We’re both two souls navigating through this world. Based on how negative and overly concerned with herself she is, I assume she is also battling something. She may be diagnosed with something, too, but we don’t talk about that. I take a moment to get out of my head and stop worrying about how I am presenting myself, which I admit is a bit self-involved. Rather, I worry: why do I think she is affected by my words and actions; is she noticing that I am affected by hers? The answer is no. So I stay quiet and intuitively register this interaction. I don’t want to surround myself with this type of energy. It will help in the future when that same gut feeling presents itself. I’ll know that I’m right when the feeling is confirmed by the flood of anxious thoughts that follow. They don’t notice I am in my head because they are, too. I need to be around people who push me out of my own head, not drag me into theirs. That’s not right for anyone to do.
There are some relationships where anxious thoughts never appear or appear at such a lower rate than others. If the thoughts bubble up, I dismiss them immediately, knowing “this person knows I would never make them feel less than.” We need to trust our feelings and our comfortability with people. When I am around the right, positive energies and vibrations, anxious thoughts subside.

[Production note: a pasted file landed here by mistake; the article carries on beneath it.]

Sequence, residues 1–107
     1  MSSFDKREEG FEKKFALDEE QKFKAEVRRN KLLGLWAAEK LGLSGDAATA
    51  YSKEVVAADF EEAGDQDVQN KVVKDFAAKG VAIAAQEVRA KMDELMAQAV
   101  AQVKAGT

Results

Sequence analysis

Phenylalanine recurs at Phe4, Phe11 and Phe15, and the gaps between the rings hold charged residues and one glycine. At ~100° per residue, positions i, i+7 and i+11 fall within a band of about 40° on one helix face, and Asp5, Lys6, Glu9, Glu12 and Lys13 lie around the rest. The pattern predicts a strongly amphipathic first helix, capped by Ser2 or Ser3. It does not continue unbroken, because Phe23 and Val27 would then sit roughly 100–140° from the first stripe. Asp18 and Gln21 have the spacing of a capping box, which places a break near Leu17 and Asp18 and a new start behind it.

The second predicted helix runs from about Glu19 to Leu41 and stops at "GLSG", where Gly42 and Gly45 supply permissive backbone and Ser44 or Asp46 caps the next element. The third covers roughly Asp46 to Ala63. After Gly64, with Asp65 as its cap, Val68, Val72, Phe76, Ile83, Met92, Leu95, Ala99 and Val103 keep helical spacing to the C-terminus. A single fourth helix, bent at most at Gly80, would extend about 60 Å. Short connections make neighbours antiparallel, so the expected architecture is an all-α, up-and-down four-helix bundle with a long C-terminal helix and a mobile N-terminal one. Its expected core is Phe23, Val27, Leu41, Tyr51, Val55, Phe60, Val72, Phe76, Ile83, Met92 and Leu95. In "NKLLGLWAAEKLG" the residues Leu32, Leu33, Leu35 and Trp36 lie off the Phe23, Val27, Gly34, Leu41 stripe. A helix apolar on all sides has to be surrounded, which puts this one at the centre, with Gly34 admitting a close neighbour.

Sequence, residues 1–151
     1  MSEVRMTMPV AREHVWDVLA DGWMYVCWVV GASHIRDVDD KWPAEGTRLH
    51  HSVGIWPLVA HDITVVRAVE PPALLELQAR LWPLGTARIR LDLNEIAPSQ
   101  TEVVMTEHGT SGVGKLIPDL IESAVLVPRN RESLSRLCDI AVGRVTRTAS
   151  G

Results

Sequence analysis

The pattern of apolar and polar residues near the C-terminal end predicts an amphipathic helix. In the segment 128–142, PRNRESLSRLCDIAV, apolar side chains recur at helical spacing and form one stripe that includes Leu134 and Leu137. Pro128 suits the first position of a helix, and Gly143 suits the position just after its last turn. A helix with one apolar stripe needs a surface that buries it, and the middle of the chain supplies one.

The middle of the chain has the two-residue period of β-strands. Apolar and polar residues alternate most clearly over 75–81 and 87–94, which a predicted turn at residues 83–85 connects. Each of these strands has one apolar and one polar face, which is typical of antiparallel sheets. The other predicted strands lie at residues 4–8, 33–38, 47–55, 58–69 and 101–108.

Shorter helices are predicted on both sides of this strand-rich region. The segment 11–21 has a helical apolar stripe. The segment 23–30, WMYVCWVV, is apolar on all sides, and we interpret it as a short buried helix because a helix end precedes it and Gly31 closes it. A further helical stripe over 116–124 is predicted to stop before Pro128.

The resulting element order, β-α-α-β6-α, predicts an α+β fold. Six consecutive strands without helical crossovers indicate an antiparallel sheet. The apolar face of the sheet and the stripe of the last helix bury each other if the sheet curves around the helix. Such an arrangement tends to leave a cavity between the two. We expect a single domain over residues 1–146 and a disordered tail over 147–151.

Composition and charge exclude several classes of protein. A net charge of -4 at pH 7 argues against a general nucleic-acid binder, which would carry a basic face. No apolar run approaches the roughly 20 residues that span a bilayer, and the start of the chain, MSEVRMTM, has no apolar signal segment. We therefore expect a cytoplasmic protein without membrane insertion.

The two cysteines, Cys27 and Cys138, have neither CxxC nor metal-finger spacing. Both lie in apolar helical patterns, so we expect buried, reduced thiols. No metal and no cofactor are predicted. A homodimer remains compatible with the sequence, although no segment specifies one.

One relationship in which I feel at ease is with my brother. I don’t worry that he is noticing my every movement. I don’t worry that he is studying me to make sure I’m getting better, judging me based on my mental health, or completely dismissing my illness. I know he cares for me, and I also know, and value, that he is dealing with his own problems. When I am in his company, I feel as if we’re just two souls trying to navigate in this chaotic world. I don’t feel as if I am different from him—that I have an enhanced view of the world and increased sensitivity because of my current mental state. The interaction with my colleague is different. I feel as if I have a deeper understanding of the world that I must share with her—that my mental illness provides me with a glimpse of the world that would help her if she saw it, too. However, she doesn’t stop to listen. I feel silenced and buried in my mind.
You’re Noticing You